Wednesday, October 17, 2007 victorious in spat with Ryanair - perhaps not is back in favour at the Advertising Standards Authority after last week's slap on the wrists.

The ASA has banned a press ad produced by Ryanair which stuck the knife into online travel agencies, claiming "if you buy a Ryanair ticket through an online agent you're being ripped off...".


Not content with this mild slating of "last" [note the space between 'last' and 'minute'], the ad continued:

"They overcharge by 100% or more. Don't provide correct terms or conditions. Don't notify schedule changes. Don't provide web check-in or priority boarding." - one can imagine - was pretty incensed about the whole thing and complained to the ASA about the headline and allegations of overcharging, schedule changes and incorrect terms and conditions.

The ASA upheld all the complaints from and has demanded the ad be withdrawn by Ryanair.

In fairness to Ryanair, it did actually have a reasonable go at defending its actions, claiming the ad had appeared in newspapers with a combined circulation of five million and the only complaint had come from

One of the frequent criticisms of the advertising watchdog system for press, outdoor and online ads in the UK is that - unlike campaigns for television or radio - it is retrospective.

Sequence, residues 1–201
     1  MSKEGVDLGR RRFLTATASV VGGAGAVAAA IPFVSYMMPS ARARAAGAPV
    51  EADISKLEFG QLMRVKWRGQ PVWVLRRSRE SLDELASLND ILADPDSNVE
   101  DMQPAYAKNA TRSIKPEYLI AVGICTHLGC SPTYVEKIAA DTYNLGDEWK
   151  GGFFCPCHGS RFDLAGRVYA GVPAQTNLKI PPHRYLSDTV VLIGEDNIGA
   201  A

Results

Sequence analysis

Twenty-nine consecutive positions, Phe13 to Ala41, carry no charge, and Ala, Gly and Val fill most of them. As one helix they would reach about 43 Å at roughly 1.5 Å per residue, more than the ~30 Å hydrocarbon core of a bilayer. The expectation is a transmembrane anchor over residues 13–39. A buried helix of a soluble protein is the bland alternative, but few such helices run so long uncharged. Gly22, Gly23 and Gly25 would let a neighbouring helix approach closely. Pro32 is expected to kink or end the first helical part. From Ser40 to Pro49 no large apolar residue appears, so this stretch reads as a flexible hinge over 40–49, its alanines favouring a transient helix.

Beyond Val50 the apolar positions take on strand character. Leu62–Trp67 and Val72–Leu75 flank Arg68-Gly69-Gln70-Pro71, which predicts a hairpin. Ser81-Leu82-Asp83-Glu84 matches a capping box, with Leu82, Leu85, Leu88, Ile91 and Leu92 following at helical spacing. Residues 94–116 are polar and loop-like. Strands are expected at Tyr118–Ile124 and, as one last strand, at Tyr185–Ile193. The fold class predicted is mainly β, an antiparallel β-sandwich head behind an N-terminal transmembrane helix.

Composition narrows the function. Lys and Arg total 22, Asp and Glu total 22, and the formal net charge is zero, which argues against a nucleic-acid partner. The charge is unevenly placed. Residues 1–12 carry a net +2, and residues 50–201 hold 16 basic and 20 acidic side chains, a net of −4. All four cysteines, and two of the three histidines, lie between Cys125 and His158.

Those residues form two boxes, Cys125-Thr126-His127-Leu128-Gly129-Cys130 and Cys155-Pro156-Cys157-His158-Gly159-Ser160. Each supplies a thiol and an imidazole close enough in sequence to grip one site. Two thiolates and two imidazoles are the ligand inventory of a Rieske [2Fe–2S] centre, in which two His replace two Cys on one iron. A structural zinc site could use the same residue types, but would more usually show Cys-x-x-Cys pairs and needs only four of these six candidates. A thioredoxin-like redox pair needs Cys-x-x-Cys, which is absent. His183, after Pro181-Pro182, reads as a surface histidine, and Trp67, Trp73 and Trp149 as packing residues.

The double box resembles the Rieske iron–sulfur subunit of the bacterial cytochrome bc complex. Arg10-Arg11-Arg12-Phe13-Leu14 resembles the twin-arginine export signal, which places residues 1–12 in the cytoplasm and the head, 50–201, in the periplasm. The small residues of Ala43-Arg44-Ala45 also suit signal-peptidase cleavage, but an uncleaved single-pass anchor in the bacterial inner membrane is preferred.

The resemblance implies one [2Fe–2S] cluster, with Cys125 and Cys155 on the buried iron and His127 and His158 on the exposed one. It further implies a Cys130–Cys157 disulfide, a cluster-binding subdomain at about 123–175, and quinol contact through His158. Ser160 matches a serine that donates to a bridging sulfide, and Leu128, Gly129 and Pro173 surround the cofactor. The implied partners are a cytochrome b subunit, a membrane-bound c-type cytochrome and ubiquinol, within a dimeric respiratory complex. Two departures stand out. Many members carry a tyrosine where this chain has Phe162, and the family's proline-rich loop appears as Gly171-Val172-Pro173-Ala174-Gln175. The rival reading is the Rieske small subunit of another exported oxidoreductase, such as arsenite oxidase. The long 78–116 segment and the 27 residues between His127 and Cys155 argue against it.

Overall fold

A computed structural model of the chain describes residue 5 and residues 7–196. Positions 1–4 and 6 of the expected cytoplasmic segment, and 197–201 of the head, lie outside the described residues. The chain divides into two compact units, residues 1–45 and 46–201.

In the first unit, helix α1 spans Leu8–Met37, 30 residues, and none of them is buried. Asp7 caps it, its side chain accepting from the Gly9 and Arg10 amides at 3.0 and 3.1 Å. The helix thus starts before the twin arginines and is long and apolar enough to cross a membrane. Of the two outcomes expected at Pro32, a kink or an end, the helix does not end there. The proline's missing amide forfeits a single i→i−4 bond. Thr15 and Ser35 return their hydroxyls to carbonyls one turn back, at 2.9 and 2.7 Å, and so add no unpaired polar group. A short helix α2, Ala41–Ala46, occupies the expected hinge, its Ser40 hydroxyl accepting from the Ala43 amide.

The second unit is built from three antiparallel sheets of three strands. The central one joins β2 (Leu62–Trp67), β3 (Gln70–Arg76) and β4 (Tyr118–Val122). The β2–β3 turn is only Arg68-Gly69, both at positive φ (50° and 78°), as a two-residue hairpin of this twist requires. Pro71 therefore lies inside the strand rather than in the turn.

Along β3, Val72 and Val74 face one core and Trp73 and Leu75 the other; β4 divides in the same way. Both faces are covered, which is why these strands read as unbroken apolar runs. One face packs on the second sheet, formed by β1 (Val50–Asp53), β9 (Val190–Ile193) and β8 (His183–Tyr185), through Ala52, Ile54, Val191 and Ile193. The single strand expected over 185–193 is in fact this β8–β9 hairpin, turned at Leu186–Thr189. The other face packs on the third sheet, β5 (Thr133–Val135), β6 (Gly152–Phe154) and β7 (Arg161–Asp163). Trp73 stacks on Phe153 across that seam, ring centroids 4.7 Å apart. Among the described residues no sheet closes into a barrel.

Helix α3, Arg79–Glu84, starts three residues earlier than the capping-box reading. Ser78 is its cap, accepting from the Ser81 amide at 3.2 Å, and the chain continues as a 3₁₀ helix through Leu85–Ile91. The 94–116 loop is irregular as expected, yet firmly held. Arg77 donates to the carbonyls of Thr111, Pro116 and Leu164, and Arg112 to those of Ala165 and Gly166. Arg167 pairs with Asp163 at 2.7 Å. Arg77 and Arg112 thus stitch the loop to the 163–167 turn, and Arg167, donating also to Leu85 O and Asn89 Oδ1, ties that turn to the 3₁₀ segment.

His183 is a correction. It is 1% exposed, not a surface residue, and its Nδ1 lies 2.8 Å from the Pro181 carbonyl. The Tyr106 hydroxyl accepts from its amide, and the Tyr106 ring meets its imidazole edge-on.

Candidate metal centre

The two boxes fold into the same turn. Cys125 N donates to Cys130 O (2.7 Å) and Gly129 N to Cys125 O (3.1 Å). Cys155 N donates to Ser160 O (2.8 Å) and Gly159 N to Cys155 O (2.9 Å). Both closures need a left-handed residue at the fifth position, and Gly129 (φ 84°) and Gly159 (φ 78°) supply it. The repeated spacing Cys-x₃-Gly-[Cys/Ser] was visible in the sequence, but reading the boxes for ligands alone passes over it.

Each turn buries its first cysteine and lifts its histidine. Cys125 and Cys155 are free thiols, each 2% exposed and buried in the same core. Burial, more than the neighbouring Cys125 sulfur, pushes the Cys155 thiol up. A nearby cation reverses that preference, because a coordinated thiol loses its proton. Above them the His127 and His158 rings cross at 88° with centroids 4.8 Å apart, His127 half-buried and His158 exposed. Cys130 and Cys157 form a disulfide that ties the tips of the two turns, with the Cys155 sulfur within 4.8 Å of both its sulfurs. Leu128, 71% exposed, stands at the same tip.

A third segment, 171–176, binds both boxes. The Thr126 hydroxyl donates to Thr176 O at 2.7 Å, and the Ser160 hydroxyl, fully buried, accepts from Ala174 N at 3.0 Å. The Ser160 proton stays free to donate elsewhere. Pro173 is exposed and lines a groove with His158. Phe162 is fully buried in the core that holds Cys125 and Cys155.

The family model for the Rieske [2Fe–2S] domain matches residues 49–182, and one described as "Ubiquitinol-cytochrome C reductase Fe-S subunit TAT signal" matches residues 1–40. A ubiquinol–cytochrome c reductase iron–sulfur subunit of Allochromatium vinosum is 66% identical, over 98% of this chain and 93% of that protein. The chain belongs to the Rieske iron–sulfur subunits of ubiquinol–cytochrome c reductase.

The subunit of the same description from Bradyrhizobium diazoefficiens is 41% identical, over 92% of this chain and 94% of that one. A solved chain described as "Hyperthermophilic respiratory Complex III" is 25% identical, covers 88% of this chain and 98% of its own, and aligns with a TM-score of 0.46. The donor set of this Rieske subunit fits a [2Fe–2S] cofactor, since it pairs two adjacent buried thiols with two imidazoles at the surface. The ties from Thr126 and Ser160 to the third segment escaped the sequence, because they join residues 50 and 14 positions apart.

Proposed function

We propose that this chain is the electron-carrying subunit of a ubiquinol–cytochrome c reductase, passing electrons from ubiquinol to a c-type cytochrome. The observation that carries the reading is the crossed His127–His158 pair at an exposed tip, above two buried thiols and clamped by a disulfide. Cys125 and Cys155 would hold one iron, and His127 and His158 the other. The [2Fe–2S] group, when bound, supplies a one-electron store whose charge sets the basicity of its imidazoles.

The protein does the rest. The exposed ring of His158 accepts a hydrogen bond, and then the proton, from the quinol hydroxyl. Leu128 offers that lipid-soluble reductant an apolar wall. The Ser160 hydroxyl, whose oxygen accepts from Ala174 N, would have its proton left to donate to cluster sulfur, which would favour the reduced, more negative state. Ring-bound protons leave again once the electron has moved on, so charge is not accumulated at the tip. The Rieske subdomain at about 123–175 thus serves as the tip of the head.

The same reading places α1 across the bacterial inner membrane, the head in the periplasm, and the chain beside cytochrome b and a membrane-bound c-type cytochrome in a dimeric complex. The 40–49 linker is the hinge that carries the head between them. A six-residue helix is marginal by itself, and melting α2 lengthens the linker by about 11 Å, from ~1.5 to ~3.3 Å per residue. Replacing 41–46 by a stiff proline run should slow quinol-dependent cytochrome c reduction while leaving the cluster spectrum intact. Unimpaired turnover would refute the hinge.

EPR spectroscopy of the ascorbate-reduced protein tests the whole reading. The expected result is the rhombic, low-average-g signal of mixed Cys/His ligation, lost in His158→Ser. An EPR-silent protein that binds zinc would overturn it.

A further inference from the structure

In this case, some might argue that the damage to the reputation of online travel agencies has already been achieved in the ad and a ticking off by the ASA - which really only the marketing and travel industries will hear about - is a small price to pay [in fact, there is no price to pay in terms of a fine].

Kevin May, editor, Travolution

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Anonymous said...

Good point Kevin about the impact of an ASA ban.

Absolutely nothing really to redress the damage done by the original ad.

Some of the public will have noticed the original ad but how many will know the ASA has cone down hard on ryanair.

David said...

It's a little like apologies that newspapers print when they are taken to task over an incorrect story. Often the 'wronged' party actually further promotes the story by bringing additional attention to it.